Cop Under Fire is a rambling monologue, aggressively expressed if not always cogently persuasive as a set of arguments. It would serve Clarke adequately as a campaign book as it expounds his policy views in a number of areas, some only tangentially related, at best, to law enforcement.
While Downs adds to the historical record detailed information about community and religious groups working with gay men in prison, his main objective in Stand By Me is to show how all of these sites of community formation, even those outside of urban areas, were part of gay liberation. This is his book’s greatest argumentative strength.
The author is at his best when piecing together anecdotes about a particular dancer’s life experiences or performance/creation process. Countless examples of this are in his book, which is why the text is still worth reading and valuable to dance.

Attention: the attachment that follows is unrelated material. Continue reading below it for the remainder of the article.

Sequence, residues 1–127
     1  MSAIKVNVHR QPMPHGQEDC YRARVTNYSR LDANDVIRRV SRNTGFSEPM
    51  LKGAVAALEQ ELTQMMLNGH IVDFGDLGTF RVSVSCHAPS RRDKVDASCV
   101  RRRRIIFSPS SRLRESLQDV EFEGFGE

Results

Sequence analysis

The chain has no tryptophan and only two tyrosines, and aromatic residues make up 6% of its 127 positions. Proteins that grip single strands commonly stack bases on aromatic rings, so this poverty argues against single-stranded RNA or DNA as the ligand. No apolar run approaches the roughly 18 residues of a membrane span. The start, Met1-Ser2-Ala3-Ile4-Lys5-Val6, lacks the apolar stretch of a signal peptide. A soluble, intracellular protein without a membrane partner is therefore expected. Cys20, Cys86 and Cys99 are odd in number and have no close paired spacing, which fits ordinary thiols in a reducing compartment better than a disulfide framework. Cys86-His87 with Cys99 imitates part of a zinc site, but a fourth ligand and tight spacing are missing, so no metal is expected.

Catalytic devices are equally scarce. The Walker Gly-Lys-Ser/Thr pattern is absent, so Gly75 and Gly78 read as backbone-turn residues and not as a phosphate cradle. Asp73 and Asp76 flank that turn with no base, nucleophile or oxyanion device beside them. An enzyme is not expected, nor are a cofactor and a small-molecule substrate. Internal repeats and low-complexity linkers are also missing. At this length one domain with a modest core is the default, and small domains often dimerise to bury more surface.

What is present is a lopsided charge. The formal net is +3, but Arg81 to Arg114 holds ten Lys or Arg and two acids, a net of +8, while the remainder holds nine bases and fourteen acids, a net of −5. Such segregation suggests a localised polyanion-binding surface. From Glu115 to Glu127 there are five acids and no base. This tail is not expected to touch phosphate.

In first-person narrative, When Women Win tells the invigorating particulars of campaigns waged to get women into the halls of the U.S. Congress, and how EMILY’s list grew from “an annoying thorn in the side of the old boys’ network of the Democratic Party to a powerful and highly valuable partner that was absolutely essential to the party’s success.”
Zimmer’s book documents well how green fluorescent proteins (GFPs) join (often, literally) a long line of ever-evolving visualization techniques and radiological innovation that continue to modify how we view ourselves, both in the pages of academic journals and in the vernacular.